State Department overhauls travel warning system for Americans overseas

State Department makes changes to travel warning system

"We often got questions from people saying, 'I read your travel warning, but what does that mean, what am I supposed to do?'" Bernier-Toth said during a State Department call early Wednesday.

Five states in Mexico now have the sternest "do not travel" advisories under a revamped U.S. State Department system unveiled Wednesday, putting them on the same level as war-torn countries like Syria, Yemen and Somalia.

Level two exercise increased caution and be aware of heightened risks to safety and security.

Level one advises travelers to exercise normal precaution as there may be some risk during worldwide travel.

While the State Department may warn against all travel, they can not bar citizens from traveling overseas or going to a specific country.

Nothing about how the safety and security situation in each country is evaluated has changed -- that's still done by the State Department in consultation with intelligence agencies, host governments and local USA embassies.

North Korea is also level four, with the additional restriction that U.S. law prohibits American travelers from using their passports there, effectively banning visits.

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Several European countries that are popular with American tourists were put at the Tier 2 level due to risks related to terrorism.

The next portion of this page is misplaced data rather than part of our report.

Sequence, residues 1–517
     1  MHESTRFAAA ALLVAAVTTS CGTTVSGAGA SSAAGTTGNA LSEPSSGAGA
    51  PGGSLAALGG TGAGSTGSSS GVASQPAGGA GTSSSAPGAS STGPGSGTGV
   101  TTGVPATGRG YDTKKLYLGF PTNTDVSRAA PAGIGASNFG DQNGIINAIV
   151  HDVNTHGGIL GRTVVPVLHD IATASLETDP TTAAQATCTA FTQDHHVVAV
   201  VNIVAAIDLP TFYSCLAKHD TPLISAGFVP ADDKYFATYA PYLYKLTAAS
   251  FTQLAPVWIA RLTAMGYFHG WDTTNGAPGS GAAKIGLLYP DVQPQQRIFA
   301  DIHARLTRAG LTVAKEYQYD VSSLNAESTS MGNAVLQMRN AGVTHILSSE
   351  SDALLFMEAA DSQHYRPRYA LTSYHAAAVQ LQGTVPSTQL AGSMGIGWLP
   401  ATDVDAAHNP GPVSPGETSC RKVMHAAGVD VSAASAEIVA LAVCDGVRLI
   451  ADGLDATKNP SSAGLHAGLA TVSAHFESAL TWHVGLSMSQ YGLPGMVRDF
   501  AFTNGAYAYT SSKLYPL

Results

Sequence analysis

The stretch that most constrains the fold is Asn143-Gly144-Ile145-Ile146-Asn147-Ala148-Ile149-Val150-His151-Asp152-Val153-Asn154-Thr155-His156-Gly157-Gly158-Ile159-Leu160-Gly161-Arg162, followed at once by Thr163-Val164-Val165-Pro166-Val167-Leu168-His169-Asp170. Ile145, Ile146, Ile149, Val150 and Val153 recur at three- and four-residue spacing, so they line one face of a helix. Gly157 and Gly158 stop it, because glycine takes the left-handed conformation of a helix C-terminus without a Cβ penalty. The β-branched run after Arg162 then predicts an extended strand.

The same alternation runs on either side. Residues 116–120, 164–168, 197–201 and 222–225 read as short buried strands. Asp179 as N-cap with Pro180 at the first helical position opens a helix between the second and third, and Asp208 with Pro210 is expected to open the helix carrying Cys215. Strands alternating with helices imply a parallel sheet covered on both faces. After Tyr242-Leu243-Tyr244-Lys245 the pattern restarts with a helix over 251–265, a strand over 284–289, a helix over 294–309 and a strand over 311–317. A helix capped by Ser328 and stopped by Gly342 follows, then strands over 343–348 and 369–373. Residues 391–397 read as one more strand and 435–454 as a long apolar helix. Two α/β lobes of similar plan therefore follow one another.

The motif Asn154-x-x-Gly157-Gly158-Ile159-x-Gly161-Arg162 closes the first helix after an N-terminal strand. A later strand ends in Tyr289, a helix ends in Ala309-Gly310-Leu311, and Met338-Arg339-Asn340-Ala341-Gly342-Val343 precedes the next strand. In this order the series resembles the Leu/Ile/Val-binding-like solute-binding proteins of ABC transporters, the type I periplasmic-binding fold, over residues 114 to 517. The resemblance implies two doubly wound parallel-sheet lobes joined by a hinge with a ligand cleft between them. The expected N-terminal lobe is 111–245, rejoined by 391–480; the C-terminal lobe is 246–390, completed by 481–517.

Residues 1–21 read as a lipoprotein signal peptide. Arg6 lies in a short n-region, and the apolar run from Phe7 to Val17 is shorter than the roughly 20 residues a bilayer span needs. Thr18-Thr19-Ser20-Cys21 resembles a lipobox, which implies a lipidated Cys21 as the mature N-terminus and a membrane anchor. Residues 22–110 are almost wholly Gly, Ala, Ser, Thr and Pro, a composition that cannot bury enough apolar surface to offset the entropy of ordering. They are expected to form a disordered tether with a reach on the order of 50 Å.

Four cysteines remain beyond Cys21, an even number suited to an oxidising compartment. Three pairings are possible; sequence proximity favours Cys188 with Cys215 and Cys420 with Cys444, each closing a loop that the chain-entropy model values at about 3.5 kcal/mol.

"As we were putting all this together we did a very careful assessment", said Bernier-Toth, explaining the Tier 3 ranking, "we talked to all of our experts, and this is where we came out on Cuba".

Right now, Mexico ranks as a level two overall, but the state of Tamaulipas is a level four due to crime.

The changes come at a time of global upheaval that's hard for many travelers to keep tabs on, but also a time of increased travel -- 2017 was on track to be a record year for the number of Americans traveling overseas. The State Department noted that there "are no USA government restrictions" in tourist areas in both those states, including Ensenada, Rosarito, Tijuana, Cabo San Lucas, San Jose del Cabo and La Paz.

Meanwhile, alerts, such as hurricane warnings, demonstration alerts and other considerations, will continue to be released from the State Department's Smart Traveler Enrollment Program. Many countries in Western Europe, where there have been terrorist attacks in recent years, are listed as level 2. Under that system, the department would issue either a "travel alert" or a "travel warning" when it deemed prudent, which generally included a briefing as to the reason.

Cuba, for instance, is listed as a level 3 country.

Countries have been issuing travel advisories for its citizens time and again, considering the present global scenario.